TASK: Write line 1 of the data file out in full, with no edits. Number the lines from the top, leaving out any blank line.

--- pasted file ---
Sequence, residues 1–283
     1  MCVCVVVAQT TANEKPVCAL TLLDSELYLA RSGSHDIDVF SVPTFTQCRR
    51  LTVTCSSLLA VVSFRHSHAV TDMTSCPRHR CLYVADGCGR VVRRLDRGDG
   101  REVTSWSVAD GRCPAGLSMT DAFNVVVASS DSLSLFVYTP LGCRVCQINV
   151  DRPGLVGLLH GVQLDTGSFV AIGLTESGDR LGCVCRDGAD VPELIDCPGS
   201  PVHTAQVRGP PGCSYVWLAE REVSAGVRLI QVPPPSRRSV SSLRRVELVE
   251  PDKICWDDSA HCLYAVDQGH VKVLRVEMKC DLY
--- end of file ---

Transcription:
Sequence, residues 1–283